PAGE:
And That Happened: Sunday's Scores and Highlights

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Dave Bush has a sad.jpgCubs
12, Brewers 2
: The Cubs sweep the Brewers in convincing fashion,
outscoring them 25-4. It’s like they’re the Pirates’ older brother or
something, kicking the bully’s butt after that 20-0 beatdown.

Astros
10, Pirates 3
: Of course at some point the best way to defend your
little brother is to let him get his butt kicked a bit so as to toughen
him up. The sixth straight loss for Pittsburgh, most of which have been
ugly. Brett Myers allowed 12 base runners in six innings, yet the Buccos
could still only score two runs off him.  And this has to be the last
start for Charlie Morton, doesn’t it? His earned runs allowed in each
game: 8,6,5 and 5.

Angels
8, Yankees 4
: I’ll concede this much: we’re several days closer to
the day when it is acceptable to boo Javy Vazquez than we were when I
started complaining about it a couple of weeks ago. Vazquez was hit up
for five runs on five hits in three and two-thirds.

Mets 1, Braves 0: I suppose you could say that the fact the game was rain-shortened foreclosed the possibility of a comeback or something, but the Braves had ample opportunity to score before this one was called and couldn’t deliver so they don’t deserve any benefit of the doubt. Mike Pelfrey extends his scoreless innings streak to 24 and the Mets sweep the free-falling Braves.

Royals
4, Twins 3
: Jose Guillen homered and drove in two, continuing his
hot start (.352/.371/.716). This would be encouraging for Royals fans if
they they had any faith that Dayton Moore would do the right thing
(i.e. shop Guillen while he’s hot) instead of the Dayton Moore thing
(i.e. announce a new organizational strategy built around the slugging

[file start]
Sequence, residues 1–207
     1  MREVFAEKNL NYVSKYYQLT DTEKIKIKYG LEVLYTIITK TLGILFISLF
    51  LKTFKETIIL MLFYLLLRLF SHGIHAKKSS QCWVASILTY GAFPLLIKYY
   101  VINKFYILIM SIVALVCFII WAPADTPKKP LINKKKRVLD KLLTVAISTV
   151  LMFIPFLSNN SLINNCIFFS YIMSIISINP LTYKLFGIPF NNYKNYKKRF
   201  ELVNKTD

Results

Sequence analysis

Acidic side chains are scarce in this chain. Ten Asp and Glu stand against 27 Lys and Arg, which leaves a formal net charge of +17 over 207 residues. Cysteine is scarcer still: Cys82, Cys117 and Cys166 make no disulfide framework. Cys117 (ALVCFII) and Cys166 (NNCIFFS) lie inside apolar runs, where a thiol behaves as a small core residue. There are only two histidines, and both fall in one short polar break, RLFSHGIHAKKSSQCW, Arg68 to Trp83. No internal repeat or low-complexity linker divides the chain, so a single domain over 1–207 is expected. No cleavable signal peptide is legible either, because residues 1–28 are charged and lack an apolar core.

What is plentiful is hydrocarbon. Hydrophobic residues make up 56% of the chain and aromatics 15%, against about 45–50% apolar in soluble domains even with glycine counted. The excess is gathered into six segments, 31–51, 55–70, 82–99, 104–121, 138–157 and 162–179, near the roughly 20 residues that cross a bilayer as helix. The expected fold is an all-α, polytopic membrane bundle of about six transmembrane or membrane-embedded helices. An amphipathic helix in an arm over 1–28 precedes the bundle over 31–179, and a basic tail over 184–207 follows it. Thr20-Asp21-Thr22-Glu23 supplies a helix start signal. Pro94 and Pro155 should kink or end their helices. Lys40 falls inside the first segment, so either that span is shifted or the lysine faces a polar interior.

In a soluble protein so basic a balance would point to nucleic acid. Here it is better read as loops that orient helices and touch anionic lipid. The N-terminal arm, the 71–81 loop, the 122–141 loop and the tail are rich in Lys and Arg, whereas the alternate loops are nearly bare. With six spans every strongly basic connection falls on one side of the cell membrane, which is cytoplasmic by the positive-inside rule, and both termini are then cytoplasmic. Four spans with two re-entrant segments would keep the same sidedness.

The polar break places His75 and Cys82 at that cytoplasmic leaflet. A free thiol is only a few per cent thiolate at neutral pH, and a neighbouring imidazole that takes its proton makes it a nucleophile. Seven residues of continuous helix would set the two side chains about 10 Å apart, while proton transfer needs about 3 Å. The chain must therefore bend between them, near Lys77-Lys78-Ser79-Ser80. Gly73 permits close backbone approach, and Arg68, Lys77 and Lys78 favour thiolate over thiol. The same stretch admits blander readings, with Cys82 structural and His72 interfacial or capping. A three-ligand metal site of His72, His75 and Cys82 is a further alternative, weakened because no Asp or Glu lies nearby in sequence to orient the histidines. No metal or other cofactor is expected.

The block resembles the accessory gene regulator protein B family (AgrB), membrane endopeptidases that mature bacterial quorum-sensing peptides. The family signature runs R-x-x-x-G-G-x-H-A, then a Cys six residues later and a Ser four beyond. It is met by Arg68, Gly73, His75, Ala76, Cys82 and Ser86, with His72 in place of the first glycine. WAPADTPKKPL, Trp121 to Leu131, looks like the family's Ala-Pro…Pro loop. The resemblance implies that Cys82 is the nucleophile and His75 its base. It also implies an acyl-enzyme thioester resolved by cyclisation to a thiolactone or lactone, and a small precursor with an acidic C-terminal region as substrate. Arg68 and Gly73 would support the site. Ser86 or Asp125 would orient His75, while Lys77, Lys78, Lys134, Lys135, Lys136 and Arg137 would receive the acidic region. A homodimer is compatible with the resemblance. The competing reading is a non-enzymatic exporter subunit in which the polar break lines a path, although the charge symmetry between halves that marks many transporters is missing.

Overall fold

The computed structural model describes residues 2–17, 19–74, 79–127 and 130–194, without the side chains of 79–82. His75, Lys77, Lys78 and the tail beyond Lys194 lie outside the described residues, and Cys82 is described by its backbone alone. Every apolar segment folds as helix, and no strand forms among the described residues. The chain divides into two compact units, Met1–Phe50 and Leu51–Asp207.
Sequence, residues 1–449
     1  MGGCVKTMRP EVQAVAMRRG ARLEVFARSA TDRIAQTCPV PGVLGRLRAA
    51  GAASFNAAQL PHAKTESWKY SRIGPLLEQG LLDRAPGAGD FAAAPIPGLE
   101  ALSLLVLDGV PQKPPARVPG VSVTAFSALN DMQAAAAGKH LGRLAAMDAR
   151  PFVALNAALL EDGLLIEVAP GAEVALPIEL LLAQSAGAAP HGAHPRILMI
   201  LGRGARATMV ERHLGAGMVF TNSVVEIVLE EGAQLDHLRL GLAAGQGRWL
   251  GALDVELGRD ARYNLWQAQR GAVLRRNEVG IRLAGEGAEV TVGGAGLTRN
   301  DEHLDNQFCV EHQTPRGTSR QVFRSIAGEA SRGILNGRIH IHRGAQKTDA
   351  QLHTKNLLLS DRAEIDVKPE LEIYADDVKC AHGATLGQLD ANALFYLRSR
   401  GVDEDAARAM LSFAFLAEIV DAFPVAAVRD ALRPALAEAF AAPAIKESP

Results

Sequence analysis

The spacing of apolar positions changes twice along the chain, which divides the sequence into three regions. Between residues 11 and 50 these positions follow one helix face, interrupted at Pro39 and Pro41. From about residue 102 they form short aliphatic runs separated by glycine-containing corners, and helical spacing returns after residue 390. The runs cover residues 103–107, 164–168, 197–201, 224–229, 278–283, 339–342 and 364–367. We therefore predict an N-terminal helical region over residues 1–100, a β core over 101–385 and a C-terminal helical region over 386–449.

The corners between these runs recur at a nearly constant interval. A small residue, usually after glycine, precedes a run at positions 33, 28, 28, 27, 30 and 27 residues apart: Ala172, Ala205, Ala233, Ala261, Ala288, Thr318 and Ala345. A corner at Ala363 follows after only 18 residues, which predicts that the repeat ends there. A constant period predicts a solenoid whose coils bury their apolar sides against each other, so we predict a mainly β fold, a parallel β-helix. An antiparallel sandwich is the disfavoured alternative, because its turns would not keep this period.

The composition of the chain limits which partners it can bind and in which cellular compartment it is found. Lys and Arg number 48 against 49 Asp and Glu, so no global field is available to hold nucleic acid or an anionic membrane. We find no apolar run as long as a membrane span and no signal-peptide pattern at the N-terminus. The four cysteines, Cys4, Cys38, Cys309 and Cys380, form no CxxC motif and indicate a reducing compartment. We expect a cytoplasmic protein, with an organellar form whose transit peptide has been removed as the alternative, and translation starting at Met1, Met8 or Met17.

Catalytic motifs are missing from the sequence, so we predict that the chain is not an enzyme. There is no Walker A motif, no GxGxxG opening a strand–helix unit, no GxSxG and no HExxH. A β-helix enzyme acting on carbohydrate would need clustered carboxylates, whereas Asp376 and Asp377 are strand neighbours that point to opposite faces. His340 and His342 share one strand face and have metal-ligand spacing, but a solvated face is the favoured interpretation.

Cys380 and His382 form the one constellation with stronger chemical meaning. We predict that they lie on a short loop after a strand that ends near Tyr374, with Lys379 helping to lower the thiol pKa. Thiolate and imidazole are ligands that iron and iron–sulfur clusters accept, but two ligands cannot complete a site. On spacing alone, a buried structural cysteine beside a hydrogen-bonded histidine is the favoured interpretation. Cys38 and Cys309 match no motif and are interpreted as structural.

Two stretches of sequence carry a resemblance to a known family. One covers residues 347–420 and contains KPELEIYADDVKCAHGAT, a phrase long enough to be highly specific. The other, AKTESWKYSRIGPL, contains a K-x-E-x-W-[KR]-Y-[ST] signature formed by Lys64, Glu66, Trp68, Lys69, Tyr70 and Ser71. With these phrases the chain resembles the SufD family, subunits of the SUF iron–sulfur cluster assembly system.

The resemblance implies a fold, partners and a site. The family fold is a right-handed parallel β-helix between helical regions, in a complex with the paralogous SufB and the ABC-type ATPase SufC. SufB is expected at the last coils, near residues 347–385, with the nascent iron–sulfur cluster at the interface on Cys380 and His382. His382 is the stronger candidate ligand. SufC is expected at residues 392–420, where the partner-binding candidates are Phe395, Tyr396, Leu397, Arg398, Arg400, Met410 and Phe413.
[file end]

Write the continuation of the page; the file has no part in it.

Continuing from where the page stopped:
prowess of Jose Guillen).  Brian Bannister had a Brett Myersy kind of
day: oodles of base runners in his 6+ innings, but only two runs
allowed.

Rangers
8, Tigers 4
: Pre-season optimism for the Tigers had a lot to do
with the emergence of Rick Porcello last year. His last two starts: six
earned runs in each of them, going four and a third innings against the
Angels last Tuesday and four innings against Texas yesterday. Ten hits
allowed as well, and his ERA is up to 7.91 on the season. Five RBI for
Michael Young, on a three-run double and a two-run single.

Nationals 1, Dodgers 0: An exciting one for pitching perverts like me,
but boring for everyone else. Scott Olsen, Tyler Clippard and Matt Capps
combine to shut out the Dodgers. Chad Billingsely was great too, giving
up only the one run on four hits in six innings and allowing the game’s
only run scored on an Adam Dunn ground out. It was Olsen’s first
victory since July 5th of last year.

Rays 6, Blue Jays 0: When the story of the Tampa Bay Rays season is told, the emergence of David Price is going to be a big part of it. Price dominated the Jays, pitching a four-hit shutout and striking out 9. The highlight of the day for the Blue Jays was Jose Molina throwing out would-be base stealers in four consecutive innings. Alex Anthopoulos, you have a Mr. Epstein holding on line two . . .

Cardinals 2, Giants 0: Combine Dave Duncan’s genius with Brad Penny’s stuff and the San Francisco Giants’ offense and this sort of thing is gonna happen once in a while. Penny is now 3-0 with a 0.94 ERA on the season.  Nine total runs were scored in this series.